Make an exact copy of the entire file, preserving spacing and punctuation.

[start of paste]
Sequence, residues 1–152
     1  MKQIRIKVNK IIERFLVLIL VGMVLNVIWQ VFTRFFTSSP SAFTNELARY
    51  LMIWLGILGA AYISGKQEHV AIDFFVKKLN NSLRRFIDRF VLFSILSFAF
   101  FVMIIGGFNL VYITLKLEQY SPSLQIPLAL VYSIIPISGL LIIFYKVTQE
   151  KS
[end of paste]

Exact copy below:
Sequence, residues 1–152
     1  MKQIRIKVNK IIERFLVLIL VGMVLNVIWQ VFTRFFTSSP SAFTNELARY
    51  LMIWLGILGA AYISGKQEHV AIDFFVKKLN NSLRRFIDRF VLFSILSFAF
   101  FVMIIGGFNL VYITLKLEQY SPSLQIPLAL VYSIIPISGL LIIFYKVTQE
   151  KS